The point is reinforced by experience in the private sector, where security and a host of related functions have been concentrated in the CISO position, in order to integrate work on everything from regulations and standards to technology evaluation and integration to incident response planning and communications strategy.

As new technologies are added to the cyber defense arsenal, it is important to incorporate these instruments in a cohesive way that continually appreciates not only enterprise-wide security but also organizational architecture, culture, and processes. If policies are mandated but not enforced, additional costs will be realized downstream, as remedying after the fact is almost always more expensive.

From a more tactical viewpoint, two constructs that demonstrate the value of an integrated cyber defense are: the Financial Services Information Sharing and Analysis Center (FS-ISAC) and the Defense Security Information Exchange (DSIE) of the Defense Industrial Base (DIB) Sector Coordinating Council.

The DSIE focuses on "developing and sharing actionable cyber information" in order to bolster "member and community capabilities for effective prevention against, as well as proficient detection and mitigation of mature cyber threat activity." The DSIE has proven its worth over time to members and the environment of trust that has been created is instructive, as it is the foundation upon which rests the ongoing exercise of collaboration based on mutually shared interests.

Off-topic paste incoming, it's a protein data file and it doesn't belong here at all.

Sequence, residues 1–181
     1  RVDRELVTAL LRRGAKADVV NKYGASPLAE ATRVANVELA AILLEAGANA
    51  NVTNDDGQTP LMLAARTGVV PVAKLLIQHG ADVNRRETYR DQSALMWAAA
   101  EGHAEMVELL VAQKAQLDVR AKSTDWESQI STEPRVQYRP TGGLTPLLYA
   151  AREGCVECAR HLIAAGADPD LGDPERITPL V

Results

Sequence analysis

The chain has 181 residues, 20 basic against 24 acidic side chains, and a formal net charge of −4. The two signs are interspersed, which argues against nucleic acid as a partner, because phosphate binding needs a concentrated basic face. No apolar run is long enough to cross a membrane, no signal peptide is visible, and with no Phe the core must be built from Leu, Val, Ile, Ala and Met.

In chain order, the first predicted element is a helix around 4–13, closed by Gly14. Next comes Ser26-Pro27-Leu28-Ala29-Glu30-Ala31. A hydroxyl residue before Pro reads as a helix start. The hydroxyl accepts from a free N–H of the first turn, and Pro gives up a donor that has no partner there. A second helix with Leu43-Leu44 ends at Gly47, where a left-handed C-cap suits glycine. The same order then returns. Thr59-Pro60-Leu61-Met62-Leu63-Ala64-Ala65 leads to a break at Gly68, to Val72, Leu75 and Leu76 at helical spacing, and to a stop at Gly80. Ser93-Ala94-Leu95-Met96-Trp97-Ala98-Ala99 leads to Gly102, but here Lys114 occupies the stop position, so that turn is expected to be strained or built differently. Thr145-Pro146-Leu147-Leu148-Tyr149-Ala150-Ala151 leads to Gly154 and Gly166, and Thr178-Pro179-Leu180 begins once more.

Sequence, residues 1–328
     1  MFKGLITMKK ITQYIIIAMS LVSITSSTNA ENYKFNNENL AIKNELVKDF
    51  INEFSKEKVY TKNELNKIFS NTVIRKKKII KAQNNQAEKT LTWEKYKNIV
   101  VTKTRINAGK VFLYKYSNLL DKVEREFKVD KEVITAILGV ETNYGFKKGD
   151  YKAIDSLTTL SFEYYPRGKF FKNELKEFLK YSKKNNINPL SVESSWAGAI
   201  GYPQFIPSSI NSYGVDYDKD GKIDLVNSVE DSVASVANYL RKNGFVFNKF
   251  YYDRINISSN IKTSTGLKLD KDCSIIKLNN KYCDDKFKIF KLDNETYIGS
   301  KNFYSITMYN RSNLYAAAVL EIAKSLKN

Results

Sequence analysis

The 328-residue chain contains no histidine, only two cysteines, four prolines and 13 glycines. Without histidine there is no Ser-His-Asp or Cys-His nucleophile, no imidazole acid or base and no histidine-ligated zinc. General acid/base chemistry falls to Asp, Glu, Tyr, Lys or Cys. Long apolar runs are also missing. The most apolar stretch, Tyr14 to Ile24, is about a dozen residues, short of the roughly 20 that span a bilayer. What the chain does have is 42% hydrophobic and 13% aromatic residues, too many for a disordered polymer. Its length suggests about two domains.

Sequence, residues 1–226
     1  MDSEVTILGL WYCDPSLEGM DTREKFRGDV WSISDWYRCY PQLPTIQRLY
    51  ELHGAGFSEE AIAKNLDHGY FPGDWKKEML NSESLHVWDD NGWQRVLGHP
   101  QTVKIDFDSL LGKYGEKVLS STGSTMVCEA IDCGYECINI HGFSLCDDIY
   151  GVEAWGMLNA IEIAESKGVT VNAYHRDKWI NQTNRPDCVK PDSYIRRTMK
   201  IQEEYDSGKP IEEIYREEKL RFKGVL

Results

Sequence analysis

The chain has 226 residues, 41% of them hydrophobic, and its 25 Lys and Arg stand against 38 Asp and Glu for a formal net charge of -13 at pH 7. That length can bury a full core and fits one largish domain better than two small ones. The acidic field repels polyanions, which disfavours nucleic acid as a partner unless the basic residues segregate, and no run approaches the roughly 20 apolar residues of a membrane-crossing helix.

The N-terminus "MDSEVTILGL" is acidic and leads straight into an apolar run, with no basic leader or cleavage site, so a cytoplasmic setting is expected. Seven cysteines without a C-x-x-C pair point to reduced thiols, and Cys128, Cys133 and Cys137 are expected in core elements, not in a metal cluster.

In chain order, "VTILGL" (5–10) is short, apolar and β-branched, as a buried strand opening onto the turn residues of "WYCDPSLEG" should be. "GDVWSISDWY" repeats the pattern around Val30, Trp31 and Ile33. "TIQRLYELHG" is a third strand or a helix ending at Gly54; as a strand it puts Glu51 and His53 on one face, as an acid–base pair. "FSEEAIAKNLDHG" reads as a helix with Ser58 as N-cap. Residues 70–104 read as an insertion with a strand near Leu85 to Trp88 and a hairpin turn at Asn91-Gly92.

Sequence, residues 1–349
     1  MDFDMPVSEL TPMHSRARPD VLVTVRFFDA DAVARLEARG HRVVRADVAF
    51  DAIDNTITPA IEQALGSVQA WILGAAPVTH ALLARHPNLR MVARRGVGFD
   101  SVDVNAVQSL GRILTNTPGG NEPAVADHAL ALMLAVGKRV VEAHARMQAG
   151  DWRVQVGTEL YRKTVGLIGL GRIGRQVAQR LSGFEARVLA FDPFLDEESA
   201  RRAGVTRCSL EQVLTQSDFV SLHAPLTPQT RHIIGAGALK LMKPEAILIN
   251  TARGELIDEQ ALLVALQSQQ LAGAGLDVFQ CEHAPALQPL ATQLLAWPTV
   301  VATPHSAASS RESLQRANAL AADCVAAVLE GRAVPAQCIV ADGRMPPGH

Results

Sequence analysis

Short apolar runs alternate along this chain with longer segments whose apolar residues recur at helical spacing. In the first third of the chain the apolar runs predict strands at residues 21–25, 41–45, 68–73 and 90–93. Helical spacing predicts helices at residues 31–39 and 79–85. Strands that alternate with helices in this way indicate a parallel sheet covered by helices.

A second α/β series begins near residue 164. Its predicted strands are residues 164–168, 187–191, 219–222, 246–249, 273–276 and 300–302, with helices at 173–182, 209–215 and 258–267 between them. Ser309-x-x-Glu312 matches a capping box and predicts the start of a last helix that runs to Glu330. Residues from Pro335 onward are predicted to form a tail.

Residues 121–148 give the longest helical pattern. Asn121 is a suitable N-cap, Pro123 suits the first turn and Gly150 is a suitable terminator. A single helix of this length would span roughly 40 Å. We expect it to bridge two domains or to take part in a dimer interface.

The FS-ISAC is similar in its global scope and efforts at "distilling threat information into actionable intelligence." Here again, members work with the U.S. government to advance the protection of critical infrastructure, because the threat extends beyond the military context to civilian/commercial concerns.

Both models should serve to encourage greater intragovernmental and public-private cooperation.

A poll of experts conducted in March 2016, just weeks after the creation of the federal CISO post, suggested that a strong majority of respondents were "cautiously optimistic about the new CISO's ability to drive change across the government" (full disclosure: we participated in that survey). Realizing those aspirations will not be easy -- bearing in mind that the CISO is the linchpin charged with ensuring that all constituent parts, from federal components to their state and local counterparts to contractors and beyond, work together in concert; but continuing to strive to do so is surely in the nation's best interests given the consequences of failure.

Clearly the federal CISO has his work cut out for him. Let's hope he succeeds.

About the Authors

Frank J. Cilluffo is director of the George Washington University Center for Cyber and Homeland Security and served as special assistant to the president for homeland security immediately after 9/11.

Sharon L. Cardash is associate director of the George Washington University Center for Cyber and Homeland Security and previously served as Security Policy Advisor to Canada's Minister of Foreign Affairs.